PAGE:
Monday, 22 June 2015

Edgar Kail - the man with the grey stockings

Article kindly supplied by Jan Stover of Altona 93

“Edgar Kail - the man with the grey stockings.”

Those were the words the Altona 93 club paper [matchday programme] used to describe the legendary Edgar Kail to its readers in April 1925. The club, along with other regional papers, praised the actions and the goals of the famous Dulwich player in the match against Altona 93 on Good Friday. This match was the first of three Dulwich Hamlet played in Germany during the Easter holiday. The results were:

Altona 93 1 Dulwich Hamlet 4

Gelsenkirchen 1 Dulwich Hamlet 1

Düsseldorf 3 Dulwich Hamlet 1

In the last few years Mishi Morath and I have tried to find out more about this early friendly match by searching through newspaper archives. In the 1920s most of the German newspapers were associated with political parties. All the left-wing and working class papers did not mention the clubs from the German Football Association (DFB) because their clubs were organised in another football association!

Altona was an independent city until 1937. That is the reason why only three newspapers are important for us: Altonaer Nachrichten, Hamburger Nachrichten and Hamburger Anzeiger. There were also some football magazines at that time as well, but they were devoted to West and South Germany and are not located in Hamburg.

The mid 1920s saw a first boom of football as a spectator sport in Germany. Famous teams like Altona 93 and Hamburger SV played in front of thousands of people. There was no (official) professional football and the leagues had been so regional that every match was a local derby. But the biggest crowds could be reached if teams from far away were invited. Especially sides from Great Britain. These matches were unique and generated much public interest. Both Altona 93 and Dulwich Hamlet had internationals in their teams. That’s why the Dulwich Hamlet match in Altona – which wasn't a part of Hamburg in that time – was advertised in several newspapers. For example:

Altonaer Nachrichten, 14. Jg. (1925), Nr.80 (4.4.)

Hamburger Anzeiger, 38. Jg. (1925), Nr.81 (6.4.)

Altonaer Nachrichten, 14. Jg. (1925), Nr.84 (9.4.)
In English: Don’t miss the game Altona 93 v Dulwich Hamlet FC”

Hamburger Anzeiger, 38. Jg. (1925), Nr.84 (9.4.)

On Thursday both newspapers published articles about the up-coming match as well. They informed the readers about the quality in the Dulwich Hamlet side, all the titles Dulwich Hamlet had won in the 1920s, the clubs’ recent results (Dulwich Hamlet had beaten London Caledonians 5-0, Altona 93 had lost the North German Championship 4-5 against HSV) and the expected line-ups. This one was published in the Altonaer Nachrichten:

The team from Altona 93 was almost at full strength. Only the goalkeeper Erich Wentorf, who also played for the German national team, could not play due to health reasons. The Altona 93 club paper later informed us that Williams wasn't the first choice Dulwich Hamlet goalkeeper either. The Dulwich Hamlet yearbook 1925/26 added: “We were without two of our regular halfbacks and two regular forwards.”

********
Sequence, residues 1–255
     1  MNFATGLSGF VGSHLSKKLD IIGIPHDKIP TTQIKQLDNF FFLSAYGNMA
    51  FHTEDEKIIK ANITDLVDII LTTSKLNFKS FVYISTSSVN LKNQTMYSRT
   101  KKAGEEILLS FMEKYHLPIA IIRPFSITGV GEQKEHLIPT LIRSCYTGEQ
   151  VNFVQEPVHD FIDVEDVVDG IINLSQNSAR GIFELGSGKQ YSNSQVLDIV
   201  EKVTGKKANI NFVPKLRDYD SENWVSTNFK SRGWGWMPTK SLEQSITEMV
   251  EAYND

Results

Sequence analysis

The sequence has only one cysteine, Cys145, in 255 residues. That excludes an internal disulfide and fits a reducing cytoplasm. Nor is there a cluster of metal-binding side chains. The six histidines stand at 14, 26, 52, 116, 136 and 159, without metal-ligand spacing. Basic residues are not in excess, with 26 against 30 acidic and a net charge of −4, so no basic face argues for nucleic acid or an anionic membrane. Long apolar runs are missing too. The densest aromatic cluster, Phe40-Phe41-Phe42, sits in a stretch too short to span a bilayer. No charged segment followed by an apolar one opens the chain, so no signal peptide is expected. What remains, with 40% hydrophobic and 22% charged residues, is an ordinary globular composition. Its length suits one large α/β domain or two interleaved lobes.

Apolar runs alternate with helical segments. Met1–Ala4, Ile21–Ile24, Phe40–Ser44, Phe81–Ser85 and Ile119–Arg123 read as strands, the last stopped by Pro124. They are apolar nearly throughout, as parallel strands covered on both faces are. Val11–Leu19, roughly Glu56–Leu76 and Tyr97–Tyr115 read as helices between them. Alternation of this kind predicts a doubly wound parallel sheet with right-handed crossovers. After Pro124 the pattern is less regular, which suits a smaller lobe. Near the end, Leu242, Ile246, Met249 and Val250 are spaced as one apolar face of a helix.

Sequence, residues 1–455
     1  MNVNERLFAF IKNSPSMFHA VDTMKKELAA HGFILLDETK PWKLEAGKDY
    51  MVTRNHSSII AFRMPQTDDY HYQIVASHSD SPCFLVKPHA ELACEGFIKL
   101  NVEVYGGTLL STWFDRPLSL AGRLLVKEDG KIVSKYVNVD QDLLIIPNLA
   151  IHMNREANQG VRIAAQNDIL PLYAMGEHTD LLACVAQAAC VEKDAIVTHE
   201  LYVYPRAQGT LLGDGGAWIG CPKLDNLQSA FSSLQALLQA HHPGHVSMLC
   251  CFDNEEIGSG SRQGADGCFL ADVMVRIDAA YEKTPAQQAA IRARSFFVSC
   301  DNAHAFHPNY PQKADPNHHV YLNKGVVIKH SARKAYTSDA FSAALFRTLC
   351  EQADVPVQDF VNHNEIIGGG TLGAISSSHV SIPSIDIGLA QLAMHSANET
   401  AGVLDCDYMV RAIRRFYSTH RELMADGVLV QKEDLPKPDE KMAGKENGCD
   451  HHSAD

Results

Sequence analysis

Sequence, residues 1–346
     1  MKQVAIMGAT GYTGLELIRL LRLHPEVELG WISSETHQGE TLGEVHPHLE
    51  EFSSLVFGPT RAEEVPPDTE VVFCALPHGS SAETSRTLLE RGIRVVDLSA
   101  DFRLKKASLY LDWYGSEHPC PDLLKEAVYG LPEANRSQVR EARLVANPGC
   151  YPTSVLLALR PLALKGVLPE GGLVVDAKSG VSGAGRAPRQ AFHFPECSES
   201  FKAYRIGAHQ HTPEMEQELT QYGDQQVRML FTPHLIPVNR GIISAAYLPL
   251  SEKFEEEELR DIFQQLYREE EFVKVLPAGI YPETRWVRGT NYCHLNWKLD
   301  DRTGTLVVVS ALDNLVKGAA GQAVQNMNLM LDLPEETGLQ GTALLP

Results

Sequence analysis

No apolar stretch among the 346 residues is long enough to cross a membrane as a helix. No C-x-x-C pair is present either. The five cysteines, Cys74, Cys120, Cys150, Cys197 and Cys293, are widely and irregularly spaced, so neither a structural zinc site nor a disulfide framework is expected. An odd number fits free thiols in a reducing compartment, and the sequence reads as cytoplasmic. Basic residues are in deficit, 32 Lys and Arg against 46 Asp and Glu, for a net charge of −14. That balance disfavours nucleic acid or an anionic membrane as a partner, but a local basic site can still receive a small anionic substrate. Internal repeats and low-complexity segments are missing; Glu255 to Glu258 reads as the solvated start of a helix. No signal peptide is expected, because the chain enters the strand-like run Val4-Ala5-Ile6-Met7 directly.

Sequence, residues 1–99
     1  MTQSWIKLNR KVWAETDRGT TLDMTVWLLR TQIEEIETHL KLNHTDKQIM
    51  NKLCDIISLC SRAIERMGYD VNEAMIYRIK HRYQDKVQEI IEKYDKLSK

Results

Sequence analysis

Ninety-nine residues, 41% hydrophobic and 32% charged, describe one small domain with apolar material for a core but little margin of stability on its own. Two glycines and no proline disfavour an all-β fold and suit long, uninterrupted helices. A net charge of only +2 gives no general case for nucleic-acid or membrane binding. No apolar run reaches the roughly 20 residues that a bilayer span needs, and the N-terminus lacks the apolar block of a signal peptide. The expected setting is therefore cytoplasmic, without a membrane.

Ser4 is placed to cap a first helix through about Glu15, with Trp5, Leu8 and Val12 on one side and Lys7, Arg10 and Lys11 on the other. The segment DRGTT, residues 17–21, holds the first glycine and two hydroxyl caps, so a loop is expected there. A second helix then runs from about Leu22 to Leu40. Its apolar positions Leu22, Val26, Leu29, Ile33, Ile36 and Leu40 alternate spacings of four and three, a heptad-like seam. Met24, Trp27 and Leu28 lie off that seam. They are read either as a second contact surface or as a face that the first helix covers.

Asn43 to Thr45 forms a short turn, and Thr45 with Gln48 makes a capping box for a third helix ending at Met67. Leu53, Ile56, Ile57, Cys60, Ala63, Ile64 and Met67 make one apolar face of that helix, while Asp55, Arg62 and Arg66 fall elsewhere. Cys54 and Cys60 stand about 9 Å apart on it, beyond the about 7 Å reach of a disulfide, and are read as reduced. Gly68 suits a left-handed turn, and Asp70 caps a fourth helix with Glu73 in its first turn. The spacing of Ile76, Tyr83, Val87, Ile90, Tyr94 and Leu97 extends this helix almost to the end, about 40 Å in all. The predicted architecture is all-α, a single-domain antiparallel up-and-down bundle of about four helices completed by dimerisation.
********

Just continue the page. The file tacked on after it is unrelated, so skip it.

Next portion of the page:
A funny episode happened on the journey from London to Hamburg. One of the Dulwich players went missing for a couple of hours somewhere in Saxony. He had fallen asleep on a platform in the station of Osnabrück and missed his train, eventually turning up later in the evening.

The German journalists had been astonished about the fact that Dulwich Hamlet FC had 300 members and a kind of freeze on admissions. The match itself was watched by 6,000 to 7,000 people. Although there had been a strike in the public transport sector, the trains from Hamburg ran with additional wagons.

The main points of the match:

 (Altona 93 had a goal disallowed for offside: Warnecke)

0-1 Kail

0-2 Kail

(Warnecke missed a penalty given for handball)


0-3 Nicol

(Dulwich Hamlet had a goal disallowed goal for offside)

0-4 Kail

1-4 Jäger

All the journalists were impressed by the combinations and the technical skill the Dulwich Hamlet side showed over 90 minutes. Altona 93 could not keep up with the speed of the game, and a lot of spectators were confused that all the Dulwich players defended in their own half when Altona had the ball. The Dulwich strikers were very quick paced and, supported by some defenders, were soon on the counter attack and back in front of the Altona 93 goal.

The first goal was a strong 20m shot from Edgar Kail, the second and third were results of defensive mistakes and the fourth was a great Kail solo goal.  The only Altona 93 player who could keep up with the Dulwich side was Adolf Jäger, who scored the late consolation goal following some dribbling from his teammate Oswald. In summary it was a well-deserved win for Dulwich Hamlet, despite Altona 93 winning a lot of corner kicks during the match.

Back in London the South London Press reported on the match:

Equally share Aggregate Points with Their Opponents
Dulwich Hamlet, in the course of their tour in Germany, played three matches, winning one, drawing one and losing one. They opened on Good Friday against Hamburg Altona, one of the leading teams of North Germany, and won easily by four goals to one, Kail being in irresistible form. For the second encounter only four first team men were available and, to make matters worse, Bunce twisted an ankle after twenty minutes' play. A draw of one-all therefore was not out of place. In the third game, the tourists were a distinctly tired side, and although the score was 1-1 at half-time, the speed and ball control of the Germans proved too much, and the home team won by three goals to one.

Hopefully there'll be a return match between our first teams someday.
All to nah – Jan

Original article from HH26 Winter 2014
Copyright © Jan Stover

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